Introduction to Legal System of Lichhavi Dynasty

The Legal System of the Licchavi Dynasty was based on nearly a dozen Quasi-Judicial and Judicial Tribunals, the Dharmashatras and Decrees issued by the King in Inscriptions.

Consequently, their legal codes were rooted in Hinduism and drew from the vast domain of Hindu knowledge.

During the Lichhavi Dynasty, judicial administration was organized into Gram, Tala, and Drang for the purpose of decentralization. Additionally, other administrative units known as Addas served similar purposes.

The central administration included entities such as Kuther, Sulli, Ligwal, Mapchowk, Bhattadikharan, Purvadhikaran, Paschimadikaran, and Paramasan, which further blurred the distinction between administration and judicial organs.

Judicial administration was integrated within the broader framework of governance.

The King held the power of Danda, which extended over the entire nation. To exercise punishment, the King relied on the Dandanayak or Sarva Dandanayak.

These individuals possessed extensive knowledge of Dharmashastras and were highly educated. Furthermore, the Pratihar or Mahapratihar played a crucial role in dispensing justice.

They acted as intermediaries between the King and the people, enabling individuals to report injustices to the Mahapratihar, who would then relay the complaints to the King.

The role of the Pratihar or Mahapratihar persisted even during the reign of the Shah Dynasty in Nepal and encompassed responsibilities such as inspecting deceased bodies. These figures held significant authority.

Another essential component of the justice administration system was the Grampanchali or Pancha Sabha. They were responsible for resolving local disputes and cases.

If they were unable to reach a resolution, the matter was escalated to the King’s Paramasana, as documented in the Naxal Abilekh.

Lichhavi Laws

The official language of the Lichhavi Kings was Sanskrit, and their official codes of justice were derived from the Shastras and Dharmashastras. In cases where the Dharmashastras did not provide sufficient guidance, the King would issue Rajagya Sanad.

King Manadev-I was particularly renowned for his fair and just dispensation of justice, with King Amshuverma and King Narendradeva also making notable contributions to the legal and judicial development of Nepal.

The use of Manusmriti, Yamasmriti, Brihaspatismriti, and Shukrasmriti is evident from an inscription found in Hadigaon.

Additionally, highly educated Brahmins and their assembly were called upon to handle cases when the Kings were unable to do so due to various circumstances.

These Brahmins were expected to conduct thorough and impartial investigations, ensuring their judgments were lawful and unbiased.


Punishments during the Lichhavi Dynasty were determined based on several factors, including the severity of the crime, the intent of the offender, the timing and location of the incident, the social standing of the accused, the nature of the offense, and the prevailing economic conditions.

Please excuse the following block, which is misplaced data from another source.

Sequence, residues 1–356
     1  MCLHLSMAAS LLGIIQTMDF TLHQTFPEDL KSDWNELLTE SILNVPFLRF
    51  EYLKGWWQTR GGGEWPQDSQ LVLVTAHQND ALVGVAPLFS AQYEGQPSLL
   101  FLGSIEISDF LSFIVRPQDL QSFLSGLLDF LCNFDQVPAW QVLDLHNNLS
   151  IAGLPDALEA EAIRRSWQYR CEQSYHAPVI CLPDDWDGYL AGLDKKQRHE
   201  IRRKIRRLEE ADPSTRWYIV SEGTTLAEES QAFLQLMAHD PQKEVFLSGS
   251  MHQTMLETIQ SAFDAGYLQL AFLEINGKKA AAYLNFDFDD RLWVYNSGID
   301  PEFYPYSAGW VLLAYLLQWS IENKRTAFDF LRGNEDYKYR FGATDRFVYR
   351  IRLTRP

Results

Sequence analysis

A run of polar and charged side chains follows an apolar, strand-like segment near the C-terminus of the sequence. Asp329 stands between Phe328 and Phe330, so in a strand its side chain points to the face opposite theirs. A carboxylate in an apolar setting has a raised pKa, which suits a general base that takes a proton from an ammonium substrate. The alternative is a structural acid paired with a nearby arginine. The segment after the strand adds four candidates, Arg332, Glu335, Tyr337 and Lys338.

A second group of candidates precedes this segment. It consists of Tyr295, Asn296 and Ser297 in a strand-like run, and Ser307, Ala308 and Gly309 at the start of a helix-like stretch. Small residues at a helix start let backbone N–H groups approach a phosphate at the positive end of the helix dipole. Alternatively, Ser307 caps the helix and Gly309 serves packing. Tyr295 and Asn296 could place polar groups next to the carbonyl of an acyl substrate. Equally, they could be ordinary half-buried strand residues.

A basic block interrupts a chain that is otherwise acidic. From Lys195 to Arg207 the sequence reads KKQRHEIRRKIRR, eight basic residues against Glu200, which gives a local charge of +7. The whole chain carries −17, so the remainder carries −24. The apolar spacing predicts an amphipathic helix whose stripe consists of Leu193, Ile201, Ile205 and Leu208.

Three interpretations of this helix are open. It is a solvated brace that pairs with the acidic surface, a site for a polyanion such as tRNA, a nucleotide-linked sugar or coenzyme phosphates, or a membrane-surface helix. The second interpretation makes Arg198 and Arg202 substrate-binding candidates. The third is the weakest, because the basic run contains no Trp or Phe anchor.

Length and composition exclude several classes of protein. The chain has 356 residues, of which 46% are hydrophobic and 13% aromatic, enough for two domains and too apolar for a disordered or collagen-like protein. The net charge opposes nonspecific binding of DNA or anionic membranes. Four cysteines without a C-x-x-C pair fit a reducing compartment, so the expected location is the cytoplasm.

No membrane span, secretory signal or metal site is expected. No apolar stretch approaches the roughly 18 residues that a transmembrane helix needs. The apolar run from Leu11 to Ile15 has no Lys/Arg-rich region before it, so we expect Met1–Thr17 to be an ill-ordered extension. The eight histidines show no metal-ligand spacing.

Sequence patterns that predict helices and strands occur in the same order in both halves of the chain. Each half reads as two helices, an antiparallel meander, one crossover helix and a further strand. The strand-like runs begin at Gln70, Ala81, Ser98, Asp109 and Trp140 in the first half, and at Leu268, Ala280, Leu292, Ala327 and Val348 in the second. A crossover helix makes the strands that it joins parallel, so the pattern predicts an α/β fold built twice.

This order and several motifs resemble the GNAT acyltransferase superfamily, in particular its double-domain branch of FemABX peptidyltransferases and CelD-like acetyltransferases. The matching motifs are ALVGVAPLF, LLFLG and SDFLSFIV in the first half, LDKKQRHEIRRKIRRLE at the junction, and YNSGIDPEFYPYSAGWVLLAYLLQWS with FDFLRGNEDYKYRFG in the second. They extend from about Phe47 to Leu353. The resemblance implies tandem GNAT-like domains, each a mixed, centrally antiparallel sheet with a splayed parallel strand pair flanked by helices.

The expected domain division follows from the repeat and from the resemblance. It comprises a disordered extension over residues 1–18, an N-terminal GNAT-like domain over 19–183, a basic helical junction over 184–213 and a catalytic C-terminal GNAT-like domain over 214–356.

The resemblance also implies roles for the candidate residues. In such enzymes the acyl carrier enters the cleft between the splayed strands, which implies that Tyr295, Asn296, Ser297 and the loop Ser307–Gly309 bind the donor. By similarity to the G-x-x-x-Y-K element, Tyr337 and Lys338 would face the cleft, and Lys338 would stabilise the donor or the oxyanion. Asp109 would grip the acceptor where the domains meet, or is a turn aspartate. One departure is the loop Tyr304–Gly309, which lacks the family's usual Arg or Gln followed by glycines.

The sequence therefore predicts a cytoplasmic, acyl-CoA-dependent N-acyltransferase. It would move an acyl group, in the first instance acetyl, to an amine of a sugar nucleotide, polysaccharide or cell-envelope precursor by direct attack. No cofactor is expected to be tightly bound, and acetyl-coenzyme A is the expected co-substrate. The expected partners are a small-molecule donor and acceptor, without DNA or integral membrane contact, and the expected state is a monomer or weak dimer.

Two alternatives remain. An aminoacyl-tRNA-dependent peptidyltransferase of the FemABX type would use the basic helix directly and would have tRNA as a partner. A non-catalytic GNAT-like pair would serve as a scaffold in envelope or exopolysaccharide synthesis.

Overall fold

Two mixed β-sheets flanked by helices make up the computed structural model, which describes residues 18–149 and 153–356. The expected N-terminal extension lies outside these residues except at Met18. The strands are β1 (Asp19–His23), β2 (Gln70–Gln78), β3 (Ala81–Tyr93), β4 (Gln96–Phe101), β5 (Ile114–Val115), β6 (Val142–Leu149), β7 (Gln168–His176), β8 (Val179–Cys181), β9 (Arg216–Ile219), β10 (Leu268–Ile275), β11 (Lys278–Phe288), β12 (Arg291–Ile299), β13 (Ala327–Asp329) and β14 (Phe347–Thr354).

Unlike modern times, where compensation and imprisonment are the primary forms of punishment, the Lichhavi Period employed four distinct types of punishment.

The first form was Bhakdanda, which involved scolding the offender. This was employed for minor offenses, aiming to guide the criminal towards better behavior and prevent further transgressions.

The second form was Dhikdanda, which involved publicly shaming the offender to discourage them from repeating their actions. Dhikdanda aimed to evoke a sense of guilt in the criminal.

The third form was Arthadanda, which can be likened to contemporary financial compensation.

The purpose of Arthadanda was to instill fear regarding the offender’s future and their ability to lead a prosperous life, without necessarily focusing on reformation.

The fourth and most severe form of punishment was Badhdanda, which involved organ mutilation and the death penalty. Inscriptions such as Yangalhiti and Brihngareshwor highlight that theft, looting, killing, treason, and misbehavior with married females were strictly punished during the Lichhavi Dynasty.

Furthermore, the families of the criminals were also subject to punishment. However, over time, the Lichhavi Kings began to relax the severity of punishments, moving away from the principle of punishing the entire family.

This practice was ultimately ended by Ram Shah and replaced with the principle of “Jasko Paap Usko Gardan” (the sinner shall bear the consequences alone). The measurement system was also regularly reviewed every six months to ensure accuracy and fairness.

Judicial Administration and Rules

Mapchowk Tribunal

During the Lichhavi Period, the Mapchowk Tribunal held significant importance in judicial administration. An inscription found in Mali Gaon indicates that Mapchowk was responsible for handling marriage and divorce cases, and it operated under a strict set of punishments outlined in the inscription.